What You Need to Know About Trading and Investing in Leveraged ETFs

Posted 06/22/2009, 9:00 am EST by David Penn from TradingMarkets.com

Depending on whom you ask, leveraged exchange-traded funds (ETFs) like those offered by ProShares, Rydex, Direxion and others are either the greatest thing since sliced bread or the worst thing to happen to the stock market since the publication of Dow 36,000.

But before you know whether leveraged ETFs are for you, it's a good idea to know just what leveraged ETFs are - and are not. That will make it easier for you to review your own ETF trading and investing strategy to see how leveraged ETFs may be a good fit for you.

Getting to Know Leveraged ETFs

Leveraged ETFs are exchange-traded funds that are built to return 200% or even 300% of the daily return of their underlying benchmark. That benchmark is typically an index representing a market like the Russell 2000 or the S&P 500 or a sector like the Financial, Energy or Technology sectors. 2x or Double Leveraged ETFs seek to return 200%, while 3x or Triple Leveraged ETFs are designed to return 300%.

ProShares Ultra Russell 2000 ETF

ProShares Ultra Russell 2000 ETF - Chart

How do they do this? Leveraged ETFs include among their holdings derivative instruments that help the funds achieve their daily 2x or 3x returns. These derivatives may be swaps, options, futures or other instruments based on the underlying benchmark, and are responsible for what makes leveraged ETFs have their extra get up and go.

But what is most important to remember about leveraged ETFs is this: while there are some ETF families that are considering developing leveraged ETFs that are built to track monthly returns, the vast majority of leveraged ETFs are built based on daily returns.

What does this mean to you as an ETF trader or ETF investor? It means that over the short term, an S&P 500 ETF that is leveraged 2-to-1 to the S&P 500, for example, will produce a return that is very much close to 200%. But in the intermediate and long term, the returns from this same leveraged ETF will be less than 200%. This is in large part because while the daily difference in return between the leveraged ETF and the underlying benchmark is relatively minor, that same difference over the period of a year - or several years in the case of those using leveraged ETFs for long term investment purposes - amounts to a sizable performance shortfall.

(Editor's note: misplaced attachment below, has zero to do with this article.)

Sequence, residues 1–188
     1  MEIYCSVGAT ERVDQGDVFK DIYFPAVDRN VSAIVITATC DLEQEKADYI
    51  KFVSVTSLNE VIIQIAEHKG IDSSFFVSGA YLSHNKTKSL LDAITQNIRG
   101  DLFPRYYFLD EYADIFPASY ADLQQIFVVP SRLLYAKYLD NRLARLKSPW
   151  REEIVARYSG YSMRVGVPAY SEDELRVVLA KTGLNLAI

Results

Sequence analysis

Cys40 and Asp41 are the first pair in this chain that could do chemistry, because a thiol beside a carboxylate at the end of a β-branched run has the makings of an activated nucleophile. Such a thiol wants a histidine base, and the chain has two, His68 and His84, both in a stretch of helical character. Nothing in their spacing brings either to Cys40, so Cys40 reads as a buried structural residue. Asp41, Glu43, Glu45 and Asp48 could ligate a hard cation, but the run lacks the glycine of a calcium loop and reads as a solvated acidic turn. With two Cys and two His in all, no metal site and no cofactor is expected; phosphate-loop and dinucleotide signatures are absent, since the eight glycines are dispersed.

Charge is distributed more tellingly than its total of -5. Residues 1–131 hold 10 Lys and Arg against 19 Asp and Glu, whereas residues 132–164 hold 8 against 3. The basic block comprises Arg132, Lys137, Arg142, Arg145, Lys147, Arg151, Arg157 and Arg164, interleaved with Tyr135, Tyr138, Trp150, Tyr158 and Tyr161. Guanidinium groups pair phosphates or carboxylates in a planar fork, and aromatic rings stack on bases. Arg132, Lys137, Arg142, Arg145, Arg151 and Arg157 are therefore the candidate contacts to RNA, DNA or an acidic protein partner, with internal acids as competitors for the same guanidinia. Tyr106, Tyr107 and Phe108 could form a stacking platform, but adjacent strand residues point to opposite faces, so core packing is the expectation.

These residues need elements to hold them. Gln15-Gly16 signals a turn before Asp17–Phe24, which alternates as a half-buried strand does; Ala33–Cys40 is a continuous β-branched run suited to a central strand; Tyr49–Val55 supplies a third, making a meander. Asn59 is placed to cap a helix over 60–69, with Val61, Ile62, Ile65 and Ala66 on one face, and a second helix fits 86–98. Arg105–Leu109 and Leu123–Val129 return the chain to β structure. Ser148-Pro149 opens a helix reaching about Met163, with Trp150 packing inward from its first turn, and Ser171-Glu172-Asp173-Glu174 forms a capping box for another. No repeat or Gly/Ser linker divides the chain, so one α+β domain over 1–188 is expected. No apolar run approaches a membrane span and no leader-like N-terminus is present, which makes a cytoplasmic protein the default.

What Should You Do with Leveraged ETFs?

ProShares Ultra S&P 500 ETF

ProShares Ultra S&P 500 ETF - Chart

In addition to their role in hedging investments in stocks, leveraged ETFs are ideal vehicles for short term trading. In the short term ETF trading, all of the issues mentioned above that appear with long term investing in leveraged ETFs vanish. With holding periods of no more than 5 to 8 days at the maximum, short trading strategies that use leveraged ETFs are a way to take advantage of the best features of these new products, while avoiding the temptation of trying to make leveraged ETFs do something they are not designed to do (at least not yet).

Much of the confusion about leveraged ETFs has to do with too many people trying to treat them the same way they do ordinary, non-leveraged ETFs. Ordinary, non-leveraged ETFs can be a fine option for long term investors looking for lower costs in ETF investing compared to mutual fund investing.

But not all ETFs are created equally. And knowing what your ETF is designed to do - and how it does it - is vital in making ETFs a winning part of your trading and investing strategy.

Are you new to exchange-traded funds? Read our ETF primer: TradingMarkets ETF Basics: What You Need to Know about Exchange-Traded Funds.

According to a recent report, eight out of ten securities traded are exchange-traded funds. Want to learn how to trade them? Click here to pre-order High Probability ETF Trading, the first quantified book of trading strategies to improve your ETF trading.

David Penn is Editor in Chief at TradingMarkets.com.